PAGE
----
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“The Nation and its Fragments”
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  1. “The Nation and its Fragments” Moderating & Resisting State-sponsored Nation-Building in Turkey “Türkiye’de 71½ millet var/In Turkey there are 71½ nations.” -Turkish proverb A Kurdish man in southeast Turkey, 2004. Photo: N.F. Watts

  2. The New Turkish Nation (in sum): what were its key characteristics? • Modern • Western • National (Turks=nation) • Secular • Scientific, rational Turkish businessmen walk across the street and past the subway station in Levent, one of Istanbul's most famous living and financial areas. EPA PHOTO / KERIM OKTEN

  3. The New Turkish nation: Who & what didn’t belong? • “Traditionals” • Customary ways of life • Religious figures • Islam • Kurds, Arabs • Christians, Jews • Folk lore/superstition

  4. Fragments of the nation: Those who didn’t belong Kurdish leader Seit Riza, 1930

  5. Many Kurds, especially in the southeast Rebellions (1925, 1938-39, 1984-1999) Ballot box, political activism (1960s onward) Muslim leaders Many ordinary people Challenging edict through practice and time call to prayer in Arabic Through the ballot box Consistent support for more populist, less reformist parties Continued pressure for popular participation, respect for the popular will State-sponsored nationalism: Who resisted, and how? Former Turkish Prime Minister Adnan Menderes, elected in Turkey’s first multi-party elections in 1950, and later executed.

  6. Some details on the Kurdish “response”

  7. Response: Kurdish peripheral nationalism • Early uprisings • Rise of a new counter-elite and the re-creation of Kurdish identity, 1960s • PKK guerrilla activism, 1984-1999

  8. Modes of Conflict • Guerrilla war • Kurdistan Workers Party (PKK) • Conventional politics • Pro-Kurdish political parties • Civil contention and protest • Kurdish newspapers, cultural organizations • Human rights organizations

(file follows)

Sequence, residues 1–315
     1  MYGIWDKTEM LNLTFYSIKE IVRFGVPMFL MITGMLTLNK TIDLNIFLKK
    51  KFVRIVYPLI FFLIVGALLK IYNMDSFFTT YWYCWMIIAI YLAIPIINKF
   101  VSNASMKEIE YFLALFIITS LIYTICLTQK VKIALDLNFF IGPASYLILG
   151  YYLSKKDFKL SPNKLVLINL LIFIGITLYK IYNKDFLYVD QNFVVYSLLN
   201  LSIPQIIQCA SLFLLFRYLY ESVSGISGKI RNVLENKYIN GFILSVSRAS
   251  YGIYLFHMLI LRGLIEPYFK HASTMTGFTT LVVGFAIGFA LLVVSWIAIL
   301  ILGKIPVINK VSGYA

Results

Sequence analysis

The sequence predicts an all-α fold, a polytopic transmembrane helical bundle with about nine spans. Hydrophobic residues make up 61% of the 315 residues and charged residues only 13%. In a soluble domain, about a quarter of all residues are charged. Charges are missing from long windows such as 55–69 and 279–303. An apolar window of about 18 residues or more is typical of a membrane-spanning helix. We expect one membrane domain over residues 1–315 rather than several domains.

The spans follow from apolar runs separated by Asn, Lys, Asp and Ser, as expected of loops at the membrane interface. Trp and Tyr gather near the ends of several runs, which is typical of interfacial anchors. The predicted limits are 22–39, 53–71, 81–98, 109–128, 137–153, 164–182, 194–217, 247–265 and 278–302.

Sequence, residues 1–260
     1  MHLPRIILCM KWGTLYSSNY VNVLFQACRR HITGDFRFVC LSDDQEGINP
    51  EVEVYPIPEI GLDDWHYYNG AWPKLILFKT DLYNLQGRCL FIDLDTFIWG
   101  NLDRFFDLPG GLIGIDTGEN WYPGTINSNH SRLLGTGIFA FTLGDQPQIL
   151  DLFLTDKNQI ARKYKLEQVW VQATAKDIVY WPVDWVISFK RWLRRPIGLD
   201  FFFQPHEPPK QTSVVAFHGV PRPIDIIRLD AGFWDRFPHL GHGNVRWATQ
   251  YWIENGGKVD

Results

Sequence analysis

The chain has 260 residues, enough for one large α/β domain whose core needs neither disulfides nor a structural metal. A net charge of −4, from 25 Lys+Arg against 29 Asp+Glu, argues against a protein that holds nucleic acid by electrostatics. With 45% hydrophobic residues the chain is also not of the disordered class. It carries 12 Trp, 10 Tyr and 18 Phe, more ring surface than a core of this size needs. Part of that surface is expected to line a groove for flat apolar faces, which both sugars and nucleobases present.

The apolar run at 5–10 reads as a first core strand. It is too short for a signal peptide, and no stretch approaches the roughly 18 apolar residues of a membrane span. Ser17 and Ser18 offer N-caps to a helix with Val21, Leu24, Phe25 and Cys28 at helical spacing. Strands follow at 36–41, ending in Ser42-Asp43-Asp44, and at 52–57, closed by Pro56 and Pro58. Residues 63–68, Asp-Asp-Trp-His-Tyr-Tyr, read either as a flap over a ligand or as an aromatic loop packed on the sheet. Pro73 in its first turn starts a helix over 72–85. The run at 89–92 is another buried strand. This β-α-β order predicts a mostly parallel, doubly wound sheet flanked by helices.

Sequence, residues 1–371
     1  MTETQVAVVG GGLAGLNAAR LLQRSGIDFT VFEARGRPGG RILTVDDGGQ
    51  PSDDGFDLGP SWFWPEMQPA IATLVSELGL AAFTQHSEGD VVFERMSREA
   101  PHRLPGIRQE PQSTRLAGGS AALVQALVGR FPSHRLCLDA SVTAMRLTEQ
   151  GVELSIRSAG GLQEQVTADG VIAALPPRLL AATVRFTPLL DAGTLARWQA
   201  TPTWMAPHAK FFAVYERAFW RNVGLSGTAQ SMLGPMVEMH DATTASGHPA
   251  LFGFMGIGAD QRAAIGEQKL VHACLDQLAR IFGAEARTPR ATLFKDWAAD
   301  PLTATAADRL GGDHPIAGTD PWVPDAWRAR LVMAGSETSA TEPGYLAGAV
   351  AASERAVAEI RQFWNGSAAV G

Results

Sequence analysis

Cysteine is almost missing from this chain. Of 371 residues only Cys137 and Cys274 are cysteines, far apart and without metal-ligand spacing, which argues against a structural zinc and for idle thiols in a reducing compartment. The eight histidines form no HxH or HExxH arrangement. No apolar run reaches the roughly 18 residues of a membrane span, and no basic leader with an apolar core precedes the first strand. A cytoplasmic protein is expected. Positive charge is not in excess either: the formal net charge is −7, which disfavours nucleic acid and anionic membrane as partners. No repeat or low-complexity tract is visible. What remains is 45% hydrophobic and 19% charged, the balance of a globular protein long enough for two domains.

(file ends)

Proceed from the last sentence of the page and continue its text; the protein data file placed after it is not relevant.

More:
9. KurdsI can't talk because I don't know my languageI'd like to tell you about my self but I don't know my historyI have no education because there are no schoolsI don't have a brother, he was a politician, he got killedNo I'm sorry, no friends either, they are all in prisonI don't have a village because it's burned downI don't have a house because tanks destroyed itI couldn't stay in my land because mines cover itI have no sister, she was a journalist, she just disappearedNo I'm sorry, no relatives either, they fled from the warI don't know any songs, they are bannedI can't dance, it's forbiddenI can't tell you any stories because no one ever told me anyI don't have parents, they were hangedNo, I'm sorry, no country either, it has been stolenS.W.Z

  10. PKK guerrillas, early 1990s. Boys at a Kurdish New Year celebration in the early 1990s. Photo: Kevin McKiernan.

  11. Who is involved? • Turkish Armed Forces • Kurdistan Workers Party (PKK) • Pro-Kurdish politicians in various political parties • Liberal Turkish media and civil society organizations • Kurdish diaspora community and other transnational actors • Ordinary people

  12. Effects of the conflict • 35,000 dead • New attention to status of Kurds in Turkey on domestic and international agenda • Some political gains • Human rights abuses Pro-Kurdish newspapers such as this one are often closed down for expressing support for PKK leader Abdullah Ocalan.

  13. Current status: stalemate? • 1999 capture of PKK leader Abdullah Öcalan; PKK guerrillas lay down arms • Reformation of PKK? • Emergency law lifted in the southeastern provinces • 2002 “Mini-democratization” • PKK guerrillas in northern Iraqi mountains PKK leader Abdullah Ocalan was captured by Turkish special forces in Kenya in Feb. 1999 and flown, drugged and tied up, back to Turkey for trial.